Visit any American city and it doesn't take a whole lot of imagination to see where its greatness came from—however faded it may seem to be.
Even Detroit, the largest U.S. city ever to declare bankruptcy, still retains the footprint of a great urban powerhouse. There are the broad boulevards spreading out from the city center like spokes of a Chevy's wheel; classic and modern skyscrapers towering over the banks of the Detroit River; even the neighborhoods, though ravaged by years of decay still include—here and there—a grand old Motor City home. Or there is a smaller one, still tidy, that an autoworker toiled for years to pay off.
Yet Detroit is beset with problems. Clearly, it has more than its share, but no city is without at least some of the same issues. Our series highlights five cities, but no city is immune.
In our trip across America, we found that every city we visited has a mixture of bad and good, of problems and solutions.
Take Oakland, Calif. It has always lived in San Francisco's shadow and probably always will. Residents lament the fact that the technology boom that transformed the Bay Area largely passed Oakland by. We were there to report on whether Wall Street conned Oakland—and hundreds of other cities—or if city leaders took irresponsible risks with taxpayer money. Regardless, the citizens are paying the price.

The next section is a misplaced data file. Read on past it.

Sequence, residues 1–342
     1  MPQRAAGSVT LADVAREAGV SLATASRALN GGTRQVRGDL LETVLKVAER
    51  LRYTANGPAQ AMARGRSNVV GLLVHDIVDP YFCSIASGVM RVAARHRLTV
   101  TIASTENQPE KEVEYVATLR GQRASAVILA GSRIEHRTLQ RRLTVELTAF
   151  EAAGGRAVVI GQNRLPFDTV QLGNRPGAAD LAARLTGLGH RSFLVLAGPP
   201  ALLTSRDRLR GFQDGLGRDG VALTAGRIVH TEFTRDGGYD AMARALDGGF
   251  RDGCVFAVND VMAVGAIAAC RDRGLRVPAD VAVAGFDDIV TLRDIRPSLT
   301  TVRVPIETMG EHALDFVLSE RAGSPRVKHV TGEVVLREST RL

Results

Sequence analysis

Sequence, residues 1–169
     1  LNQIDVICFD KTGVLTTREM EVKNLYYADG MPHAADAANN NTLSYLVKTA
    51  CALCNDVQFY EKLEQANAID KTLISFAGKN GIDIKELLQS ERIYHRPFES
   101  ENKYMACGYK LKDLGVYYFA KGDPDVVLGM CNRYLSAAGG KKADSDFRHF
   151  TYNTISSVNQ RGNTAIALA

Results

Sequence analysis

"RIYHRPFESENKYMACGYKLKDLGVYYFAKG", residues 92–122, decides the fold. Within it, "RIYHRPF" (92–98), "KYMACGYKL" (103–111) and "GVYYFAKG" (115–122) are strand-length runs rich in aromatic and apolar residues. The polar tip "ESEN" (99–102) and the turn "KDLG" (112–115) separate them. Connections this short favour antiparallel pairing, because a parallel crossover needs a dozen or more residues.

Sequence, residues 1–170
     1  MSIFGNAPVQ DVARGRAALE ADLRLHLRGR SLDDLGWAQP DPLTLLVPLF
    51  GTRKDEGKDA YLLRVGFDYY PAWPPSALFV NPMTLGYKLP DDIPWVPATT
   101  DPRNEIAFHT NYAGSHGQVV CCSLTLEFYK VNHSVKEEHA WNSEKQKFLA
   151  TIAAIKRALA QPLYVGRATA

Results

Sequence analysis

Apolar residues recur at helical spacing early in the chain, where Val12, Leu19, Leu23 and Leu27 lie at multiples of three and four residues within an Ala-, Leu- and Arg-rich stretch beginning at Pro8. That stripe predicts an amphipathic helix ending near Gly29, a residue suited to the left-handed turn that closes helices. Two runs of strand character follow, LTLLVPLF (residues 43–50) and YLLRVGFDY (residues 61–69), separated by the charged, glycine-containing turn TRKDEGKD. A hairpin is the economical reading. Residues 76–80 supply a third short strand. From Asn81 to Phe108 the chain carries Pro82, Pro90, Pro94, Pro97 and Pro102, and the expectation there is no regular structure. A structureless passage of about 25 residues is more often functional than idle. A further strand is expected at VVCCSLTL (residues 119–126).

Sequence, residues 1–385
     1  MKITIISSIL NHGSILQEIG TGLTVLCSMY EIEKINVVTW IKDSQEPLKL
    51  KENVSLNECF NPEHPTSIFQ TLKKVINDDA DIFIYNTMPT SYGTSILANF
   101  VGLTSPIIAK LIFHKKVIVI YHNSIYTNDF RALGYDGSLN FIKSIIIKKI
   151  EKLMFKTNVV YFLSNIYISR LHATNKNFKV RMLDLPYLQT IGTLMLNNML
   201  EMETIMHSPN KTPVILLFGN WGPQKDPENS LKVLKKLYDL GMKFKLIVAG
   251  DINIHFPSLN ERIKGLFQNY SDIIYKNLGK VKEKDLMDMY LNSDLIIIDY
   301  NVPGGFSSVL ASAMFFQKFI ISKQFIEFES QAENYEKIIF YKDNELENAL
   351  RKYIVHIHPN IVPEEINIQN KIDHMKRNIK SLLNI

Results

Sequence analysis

But at the same time, we found a growing effort to accentuate Oakland's positives, from a $70 million infrastructure upgrade at the Port of Oakland—the nation's fifth-largest port—to a neighborhood food program at Oakland's Faith Baptist Church, where pastor Curtis Robinson told us, "You've got to have a peaceful neighborhood in order to have economic development. Maybe if we put some food on some tables, people will get a little peaceful. "
In Chicago the problems are not as readily apparent as in some cities, particularly downtown. In fact, to this Chicago native the city seems as dynamic as it has ever been. But venture into the neighborhoods, and it is a different story. The city's epidemic of gun violence is well documented. And now a public pension crisis decades in the making is coming to a head.
The debate over who is responsible—union leaders extracting overly generous benefits or city officials failing to pay for their promises—may never end. But any cure is bound to be painful.
Where is the hope in Chicago? For the first time in the city's history, officials appear to have recognized the problem.